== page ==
A range of methodologies was used in the lessons evaluated. Questioning was used most effectively when it was directed in nature and when there was a balanced mix of higher-order and lower-order question types and it is encouraged that questioning strategies reflect these principles. Teacher-led discussion, instruction, and explanation were used frequently in all lessons and they were clear and helpful in aiding studentsí learning. In a number of lessons, there was frequent recap and reinforcement of studentsí learning and this is good practice. It is advised that recap and reinforcement be used regularly in all lessons to ensure consolidation of studentsí learning.
Teachers used the board effectively to highlight key learning points. Teacher-led demonstrations were clear and effective in aiding studentsí understanding of the concepts under study. Good practice was noted during teacher-led demonstrations, as there was an emphasis on developing studentsí skills in predicting experimental outcomes based on their understanding of the underlying theory. Good practice was also noted where teachers linked the topics being taught to studentsí everyday experiences.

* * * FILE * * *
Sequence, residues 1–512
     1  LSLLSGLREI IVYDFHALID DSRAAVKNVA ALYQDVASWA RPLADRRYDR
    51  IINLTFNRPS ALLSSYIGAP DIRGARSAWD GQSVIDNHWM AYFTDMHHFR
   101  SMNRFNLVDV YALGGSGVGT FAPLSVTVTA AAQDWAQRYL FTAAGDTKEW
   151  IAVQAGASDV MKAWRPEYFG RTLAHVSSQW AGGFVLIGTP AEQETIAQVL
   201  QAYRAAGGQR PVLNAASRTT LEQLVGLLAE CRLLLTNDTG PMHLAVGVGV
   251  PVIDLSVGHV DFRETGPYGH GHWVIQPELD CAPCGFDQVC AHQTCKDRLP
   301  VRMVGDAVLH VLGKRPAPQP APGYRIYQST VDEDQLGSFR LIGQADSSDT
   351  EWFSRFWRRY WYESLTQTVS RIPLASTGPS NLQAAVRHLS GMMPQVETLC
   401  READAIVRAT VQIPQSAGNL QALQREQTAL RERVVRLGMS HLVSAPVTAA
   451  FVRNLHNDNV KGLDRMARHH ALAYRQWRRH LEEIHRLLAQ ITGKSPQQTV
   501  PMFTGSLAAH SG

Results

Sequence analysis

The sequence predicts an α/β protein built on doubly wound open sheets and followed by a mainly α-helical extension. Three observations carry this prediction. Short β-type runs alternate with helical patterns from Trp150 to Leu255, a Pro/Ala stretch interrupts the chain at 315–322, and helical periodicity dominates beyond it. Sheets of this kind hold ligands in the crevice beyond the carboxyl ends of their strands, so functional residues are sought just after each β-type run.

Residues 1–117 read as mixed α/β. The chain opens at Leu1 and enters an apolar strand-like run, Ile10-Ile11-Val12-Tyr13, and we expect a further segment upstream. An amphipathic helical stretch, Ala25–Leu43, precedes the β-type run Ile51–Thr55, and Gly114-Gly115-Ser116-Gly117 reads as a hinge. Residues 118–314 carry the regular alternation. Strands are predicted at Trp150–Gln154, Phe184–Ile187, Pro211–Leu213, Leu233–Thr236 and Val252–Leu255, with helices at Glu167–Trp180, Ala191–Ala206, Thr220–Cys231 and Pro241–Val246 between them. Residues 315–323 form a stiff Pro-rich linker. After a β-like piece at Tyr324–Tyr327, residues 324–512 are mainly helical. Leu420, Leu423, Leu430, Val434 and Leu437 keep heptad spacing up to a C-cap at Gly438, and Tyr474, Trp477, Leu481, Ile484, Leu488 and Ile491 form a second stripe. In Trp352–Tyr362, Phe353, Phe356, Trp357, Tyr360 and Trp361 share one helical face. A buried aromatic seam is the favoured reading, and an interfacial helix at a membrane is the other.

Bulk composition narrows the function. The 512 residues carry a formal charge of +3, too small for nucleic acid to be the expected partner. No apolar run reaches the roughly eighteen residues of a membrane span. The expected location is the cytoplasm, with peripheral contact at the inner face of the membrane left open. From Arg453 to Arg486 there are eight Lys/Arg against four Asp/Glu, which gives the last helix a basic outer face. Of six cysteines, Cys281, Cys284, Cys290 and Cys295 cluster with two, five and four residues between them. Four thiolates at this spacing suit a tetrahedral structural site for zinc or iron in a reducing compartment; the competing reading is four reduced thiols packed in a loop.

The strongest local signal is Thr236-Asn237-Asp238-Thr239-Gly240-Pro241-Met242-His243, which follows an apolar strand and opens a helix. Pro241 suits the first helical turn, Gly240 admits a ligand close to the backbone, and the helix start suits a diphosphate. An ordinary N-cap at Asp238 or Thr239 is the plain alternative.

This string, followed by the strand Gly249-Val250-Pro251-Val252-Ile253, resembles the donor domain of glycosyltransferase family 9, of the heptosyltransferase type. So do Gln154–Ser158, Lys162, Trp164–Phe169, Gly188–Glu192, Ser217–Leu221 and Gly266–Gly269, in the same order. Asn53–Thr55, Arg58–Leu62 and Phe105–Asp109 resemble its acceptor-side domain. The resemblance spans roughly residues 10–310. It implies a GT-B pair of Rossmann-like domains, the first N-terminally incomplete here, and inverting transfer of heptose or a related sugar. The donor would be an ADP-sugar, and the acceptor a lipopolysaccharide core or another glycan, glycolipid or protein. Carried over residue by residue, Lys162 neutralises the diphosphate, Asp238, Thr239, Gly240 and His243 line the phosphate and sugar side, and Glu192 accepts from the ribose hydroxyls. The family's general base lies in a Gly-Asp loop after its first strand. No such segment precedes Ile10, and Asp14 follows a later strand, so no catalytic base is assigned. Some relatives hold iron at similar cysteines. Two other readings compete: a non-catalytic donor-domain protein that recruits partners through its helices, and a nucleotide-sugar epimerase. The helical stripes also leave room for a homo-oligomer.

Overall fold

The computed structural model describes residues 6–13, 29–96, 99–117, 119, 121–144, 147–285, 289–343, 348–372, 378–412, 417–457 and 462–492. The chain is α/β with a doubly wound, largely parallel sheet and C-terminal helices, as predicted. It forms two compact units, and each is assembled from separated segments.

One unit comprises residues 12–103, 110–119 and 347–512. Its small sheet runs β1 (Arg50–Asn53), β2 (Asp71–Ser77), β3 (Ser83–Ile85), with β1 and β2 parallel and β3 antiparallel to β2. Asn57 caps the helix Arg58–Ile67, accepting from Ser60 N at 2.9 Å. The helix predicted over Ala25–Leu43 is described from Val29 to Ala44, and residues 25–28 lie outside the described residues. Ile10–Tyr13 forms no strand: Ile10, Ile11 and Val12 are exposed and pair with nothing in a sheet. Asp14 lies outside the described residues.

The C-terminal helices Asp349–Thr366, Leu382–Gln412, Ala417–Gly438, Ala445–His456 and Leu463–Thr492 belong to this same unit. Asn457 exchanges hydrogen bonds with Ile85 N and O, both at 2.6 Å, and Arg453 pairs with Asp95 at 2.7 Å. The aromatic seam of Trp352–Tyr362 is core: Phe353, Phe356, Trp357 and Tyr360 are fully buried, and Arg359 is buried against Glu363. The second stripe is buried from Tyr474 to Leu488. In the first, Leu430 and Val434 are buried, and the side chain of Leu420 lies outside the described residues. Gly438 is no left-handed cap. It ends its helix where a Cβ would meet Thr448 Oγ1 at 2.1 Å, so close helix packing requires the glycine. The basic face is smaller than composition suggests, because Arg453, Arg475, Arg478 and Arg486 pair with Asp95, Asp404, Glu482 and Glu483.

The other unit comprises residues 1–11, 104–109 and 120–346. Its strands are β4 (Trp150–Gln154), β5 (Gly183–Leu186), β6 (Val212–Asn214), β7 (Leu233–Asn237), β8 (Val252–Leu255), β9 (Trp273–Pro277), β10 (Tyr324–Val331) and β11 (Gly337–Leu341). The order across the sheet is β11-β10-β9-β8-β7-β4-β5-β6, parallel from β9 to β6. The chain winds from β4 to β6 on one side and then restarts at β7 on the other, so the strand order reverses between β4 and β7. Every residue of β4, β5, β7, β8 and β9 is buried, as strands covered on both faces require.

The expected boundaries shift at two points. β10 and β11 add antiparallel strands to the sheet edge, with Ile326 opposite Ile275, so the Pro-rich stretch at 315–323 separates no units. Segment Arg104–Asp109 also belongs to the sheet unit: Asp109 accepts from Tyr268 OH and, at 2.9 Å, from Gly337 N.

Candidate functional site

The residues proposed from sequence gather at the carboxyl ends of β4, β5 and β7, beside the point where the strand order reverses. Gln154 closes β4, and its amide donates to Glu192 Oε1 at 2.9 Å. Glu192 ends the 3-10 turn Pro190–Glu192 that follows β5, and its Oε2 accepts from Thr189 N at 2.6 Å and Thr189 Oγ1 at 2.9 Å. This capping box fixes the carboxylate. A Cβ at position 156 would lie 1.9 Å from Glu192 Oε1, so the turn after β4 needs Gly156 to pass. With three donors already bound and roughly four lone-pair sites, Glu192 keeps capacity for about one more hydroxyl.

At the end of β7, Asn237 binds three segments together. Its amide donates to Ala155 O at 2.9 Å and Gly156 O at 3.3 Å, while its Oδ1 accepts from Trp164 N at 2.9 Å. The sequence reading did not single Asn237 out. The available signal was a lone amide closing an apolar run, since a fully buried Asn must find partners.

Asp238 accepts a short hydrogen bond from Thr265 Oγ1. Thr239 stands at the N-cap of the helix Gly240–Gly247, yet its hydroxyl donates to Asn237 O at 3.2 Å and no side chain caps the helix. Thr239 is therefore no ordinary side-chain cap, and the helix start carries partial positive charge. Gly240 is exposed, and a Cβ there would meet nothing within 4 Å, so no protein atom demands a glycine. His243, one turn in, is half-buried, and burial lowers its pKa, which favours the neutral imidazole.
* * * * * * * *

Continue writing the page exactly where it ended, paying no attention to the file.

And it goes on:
ICT was used as a display tool in some lessons and lists of web sites were given to students to enable them to research the topics being studied. In supporting the science teachersí enthusiasm to further develop the use of ICT it is suggested that students could be further enabled to use ICT in their studies by accessing information online during lessons and by using the available equipment in school to display, report and analyse the results of their experimental work. It was reported that some science lessons have taken place in the schoolís computer room and this provides further evidence to demonstrate the teachersí commitment to integrating ICT in studentsí learning experiences.